A “Known Technique” for Showing a Motivation to Combine References
Before Newman, Prost, and Hughes. Appeal from the Patent Trial and Appeal Board.
Summary: Under the “known-techniques” rationale, a motivation to combine two prior art references exists when the references address the same problem and one of the references provides a known technique that would suitably address that problem.
Intel petitioned for Inter Partes Review of Pact’s patent directed to computer memory access. Pact argued that Intel failed to demonstrate a motivation to combine two asserted references. Intel argued a motivation to combine existed using the “known-technique” rationale: the two references related to the same field and addressed the same problem, and the second reference provided a known technique that would suitably address that problem. The PTAB rejected Intel’s argument and upheld the patentability of the petitioned claim. The PTAB reasoned that there was no motivation to use the known technique of the second reference because the first reference already addressed the problem. Thus, the PTAB concluded that using the technique of the second reference would not improve the teaching of the first. Intel appealed.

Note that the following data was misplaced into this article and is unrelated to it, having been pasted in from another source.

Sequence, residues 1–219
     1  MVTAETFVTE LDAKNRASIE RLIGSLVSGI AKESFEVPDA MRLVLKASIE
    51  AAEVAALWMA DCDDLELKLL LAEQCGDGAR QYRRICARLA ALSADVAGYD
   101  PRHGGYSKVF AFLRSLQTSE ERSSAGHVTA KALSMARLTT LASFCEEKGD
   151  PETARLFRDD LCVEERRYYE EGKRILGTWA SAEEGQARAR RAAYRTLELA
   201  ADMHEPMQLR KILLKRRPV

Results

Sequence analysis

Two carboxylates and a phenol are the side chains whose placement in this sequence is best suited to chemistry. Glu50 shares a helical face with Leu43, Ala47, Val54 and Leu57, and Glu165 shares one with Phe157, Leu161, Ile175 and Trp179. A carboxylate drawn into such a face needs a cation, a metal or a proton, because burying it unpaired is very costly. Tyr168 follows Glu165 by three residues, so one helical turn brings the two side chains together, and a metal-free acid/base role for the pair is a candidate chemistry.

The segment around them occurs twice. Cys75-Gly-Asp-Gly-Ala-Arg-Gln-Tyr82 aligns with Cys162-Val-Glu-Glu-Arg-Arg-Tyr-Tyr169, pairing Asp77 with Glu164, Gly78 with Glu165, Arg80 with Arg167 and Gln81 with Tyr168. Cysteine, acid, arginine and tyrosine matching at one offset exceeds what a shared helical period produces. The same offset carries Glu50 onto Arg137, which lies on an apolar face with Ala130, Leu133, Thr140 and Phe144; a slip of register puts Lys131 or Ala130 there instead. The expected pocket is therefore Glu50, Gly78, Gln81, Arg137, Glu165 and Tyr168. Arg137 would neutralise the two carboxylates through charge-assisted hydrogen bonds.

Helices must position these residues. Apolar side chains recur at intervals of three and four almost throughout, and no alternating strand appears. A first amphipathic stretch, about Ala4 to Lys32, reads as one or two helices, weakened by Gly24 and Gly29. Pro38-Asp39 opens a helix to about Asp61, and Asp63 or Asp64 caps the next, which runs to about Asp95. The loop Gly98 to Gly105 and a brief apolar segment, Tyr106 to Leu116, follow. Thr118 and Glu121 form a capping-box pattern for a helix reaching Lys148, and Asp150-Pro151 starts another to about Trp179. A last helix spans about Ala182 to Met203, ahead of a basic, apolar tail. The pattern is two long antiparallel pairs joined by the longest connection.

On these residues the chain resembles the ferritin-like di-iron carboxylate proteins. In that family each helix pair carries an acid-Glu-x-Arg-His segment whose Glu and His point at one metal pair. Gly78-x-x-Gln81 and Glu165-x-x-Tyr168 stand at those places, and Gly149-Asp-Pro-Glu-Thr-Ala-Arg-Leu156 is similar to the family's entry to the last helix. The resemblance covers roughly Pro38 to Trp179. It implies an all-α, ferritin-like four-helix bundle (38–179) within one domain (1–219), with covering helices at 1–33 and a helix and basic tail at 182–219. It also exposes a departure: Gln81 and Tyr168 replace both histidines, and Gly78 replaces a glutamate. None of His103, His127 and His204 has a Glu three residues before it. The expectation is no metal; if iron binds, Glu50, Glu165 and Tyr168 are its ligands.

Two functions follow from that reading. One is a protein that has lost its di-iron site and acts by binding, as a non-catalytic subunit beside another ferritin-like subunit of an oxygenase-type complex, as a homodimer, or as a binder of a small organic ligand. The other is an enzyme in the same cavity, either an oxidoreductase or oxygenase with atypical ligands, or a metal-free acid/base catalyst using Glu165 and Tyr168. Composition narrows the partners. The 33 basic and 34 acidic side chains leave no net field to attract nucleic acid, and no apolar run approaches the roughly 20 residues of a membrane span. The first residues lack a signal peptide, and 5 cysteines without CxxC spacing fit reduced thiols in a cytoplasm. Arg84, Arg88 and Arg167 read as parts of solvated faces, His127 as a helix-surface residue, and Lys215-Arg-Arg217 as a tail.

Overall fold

On appeal, the Federal Circuit reversed and remanded. It specified that the known technique of the second reference need not categorically improve the teaching of the first; the combination need not be “the best option, only  a suitable option.” The Federal Circuit concluded that the PTAB’s reasoning “belies its conclusion”: the fact that the two references “address the same problem and that [the technique of the second reference] was a known way to address that problem is precisely the reason that there’s a motivation to combine.”
Editor: Paul Stewart